Zooming in to Pluto and Charon
Posted by Emily Lakdawalla
12-07-2015 7:31 CDT
In the span of a few days, Pluto and Charon have turned from spots into worlds. The latest images from New Horizons are showing Pluto and Charon to have unique faces, distinct from any other icy worlds in the solar system. Here are all the images of Pluto and Charon taken between July 7 and 11. I have stacked sets of images to do my best to bring out detail.
The Pluto images, in particular, hint at fascinating geology, with bright areas and dark areas and squiggles and patches.
There is color information, but it's quite old; there has been no new Ralph MVIC data downlinked to Earth since a data set from June 25, which is very low resolution. There would have been higher-resolution color data by now if not for the spacecraft anomaly. But they will have good color maps on the ground eventually.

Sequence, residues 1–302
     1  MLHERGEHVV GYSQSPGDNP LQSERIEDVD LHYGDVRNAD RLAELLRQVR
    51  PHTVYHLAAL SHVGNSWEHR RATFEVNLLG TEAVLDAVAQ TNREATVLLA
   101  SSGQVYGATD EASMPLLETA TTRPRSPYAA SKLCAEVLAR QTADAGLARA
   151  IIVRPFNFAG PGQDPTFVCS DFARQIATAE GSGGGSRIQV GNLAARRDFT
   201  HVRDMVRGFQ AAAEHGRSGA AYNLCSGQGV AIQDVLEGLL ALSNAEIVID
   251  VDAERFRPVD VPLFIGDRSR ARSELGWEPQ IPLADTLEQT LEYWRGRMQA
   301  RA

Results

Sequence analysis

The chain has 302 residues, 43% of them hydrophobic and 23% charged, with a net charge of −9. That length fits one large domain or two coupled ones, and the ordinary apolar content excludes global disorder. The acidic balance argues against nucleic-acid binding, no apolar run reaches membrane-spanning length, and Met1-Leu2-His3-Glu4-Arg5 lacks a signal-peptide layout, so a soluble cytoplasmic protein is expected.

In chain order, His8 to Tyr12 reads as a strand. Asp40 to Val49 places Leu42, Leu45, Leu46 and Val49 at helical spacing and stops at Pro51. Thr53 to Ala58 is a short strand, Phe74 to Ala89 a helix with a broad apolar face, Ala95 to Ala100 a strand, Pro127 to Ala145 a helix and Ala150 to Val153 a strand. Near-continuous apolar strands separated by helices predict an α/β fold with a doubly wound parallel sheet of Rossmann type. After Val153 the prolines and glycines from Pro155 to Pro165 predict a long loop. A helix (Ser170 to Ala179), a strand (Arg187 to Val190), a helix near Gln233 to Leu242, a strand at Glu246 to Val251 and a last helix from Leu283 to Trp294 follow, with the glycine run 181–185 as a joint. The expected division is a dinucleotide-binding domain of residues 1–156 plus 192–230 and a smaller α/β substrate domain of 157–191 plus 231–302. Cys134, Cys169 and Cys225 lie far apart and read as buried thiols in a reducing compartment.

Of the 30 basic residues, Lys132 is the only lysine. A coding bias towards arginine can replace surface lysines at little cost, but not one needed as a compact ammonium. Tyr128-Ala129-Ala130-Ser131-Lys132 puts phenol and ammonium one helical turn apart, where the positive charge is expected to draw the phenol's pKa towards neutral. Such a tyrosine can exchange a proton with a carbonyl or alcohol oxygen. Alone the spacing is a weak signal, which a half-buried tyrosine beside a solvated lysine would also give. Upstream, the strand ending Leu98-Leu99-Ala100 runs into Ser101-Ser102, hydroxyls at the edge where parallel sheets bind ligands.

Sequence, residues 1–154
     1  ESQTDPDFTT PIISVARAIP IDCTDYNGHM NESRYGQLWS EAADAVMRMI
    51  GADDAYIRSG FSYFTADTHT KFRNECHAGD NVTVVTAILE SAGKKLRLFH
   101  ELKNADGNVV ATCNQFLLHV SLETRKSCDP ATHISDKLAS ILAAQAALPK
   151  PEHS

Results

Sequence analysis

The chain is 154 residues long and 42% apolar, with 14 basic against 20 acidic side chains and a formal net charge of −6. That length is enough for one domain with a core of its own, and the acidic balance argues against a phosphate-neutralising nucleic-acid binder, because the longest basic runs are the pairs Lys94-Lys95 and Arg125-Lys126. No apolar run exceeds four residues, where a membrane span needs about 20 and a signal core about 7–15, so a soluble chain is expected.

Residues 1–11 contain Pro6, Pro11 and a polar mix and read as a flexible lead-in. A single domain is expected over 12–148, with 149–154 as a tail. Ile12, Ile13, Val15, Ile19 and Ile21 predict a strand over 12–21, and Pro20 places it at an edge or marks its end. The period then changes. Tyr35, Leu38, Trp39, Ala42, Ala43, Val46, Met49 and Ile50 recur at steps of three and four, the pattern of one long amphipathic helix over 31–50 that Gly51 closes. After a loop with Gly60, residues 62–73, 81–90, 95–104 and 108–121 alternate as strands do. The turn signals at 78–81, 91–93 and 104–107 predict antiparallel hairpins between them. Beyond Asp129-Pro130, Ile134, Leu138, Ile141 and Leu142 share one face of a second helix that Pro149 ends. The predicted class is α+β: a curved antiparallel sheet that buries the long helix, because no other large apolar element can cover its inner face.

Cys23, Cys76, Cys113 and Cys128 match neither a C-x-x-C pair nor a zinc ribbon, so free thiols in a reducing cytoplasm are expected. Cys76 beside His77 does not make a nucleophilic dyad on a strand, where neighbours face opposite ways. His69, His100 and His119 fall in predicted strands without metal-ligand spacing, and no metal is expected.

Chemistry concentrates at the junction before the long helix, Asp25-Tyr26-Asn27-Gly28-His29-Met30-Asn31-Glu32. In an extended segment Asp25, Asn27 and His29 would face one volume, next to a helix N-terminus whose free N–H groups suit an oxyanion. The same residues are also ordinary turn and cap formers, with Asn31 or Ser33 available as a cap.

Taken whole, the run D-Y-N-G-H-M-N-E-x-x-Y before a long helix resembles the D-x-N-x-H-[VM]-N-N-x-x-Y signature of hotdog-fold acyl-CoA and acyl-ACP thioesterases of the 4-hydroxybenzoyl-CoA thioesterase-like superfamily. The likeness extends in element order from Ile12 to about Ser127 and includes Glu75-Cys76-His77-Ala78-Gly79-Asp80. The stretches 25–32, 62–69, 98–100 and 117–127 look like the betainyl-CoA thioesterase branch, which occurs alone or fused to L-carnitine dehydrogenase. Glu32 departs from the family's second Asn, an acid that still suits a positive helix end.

The pictures are fascinating, but there's not quite enough detail to understand what is going on. Which makes it especially frustrating to know that this is the best view we will ever have of the hemisphere of Pluto that faces Charon.
This is the best view because Pluto and Charon both rotate very slowly, once in 6.4 days. The photo above was taken about 3 days out from closest approach. Pluto will slowly rotate this hemisphere out of New Horizons' view, and will show us its opposite side on Tuesday, when New Horizons makes its closest approach.
I am monitoring the new images at the New Horizons raw image website regularly. That task has been made easier with some help from a reader who put together a tool that assembles LORRI image metadata into a CSV; I'm using that metadata to build these browse pages that include all images along with useful metadata. I hope some of you find that useful, too!
Here's a look at my Voyager image simulation of the New Horizons data set, with these first encounter-phase images dropped in. I look forward to filling this card out with real data over the coming days.
This afternoon, I will report for Pluto encounter duty at the media center at the Applied Physics Laboratory. There is much more excitement to come!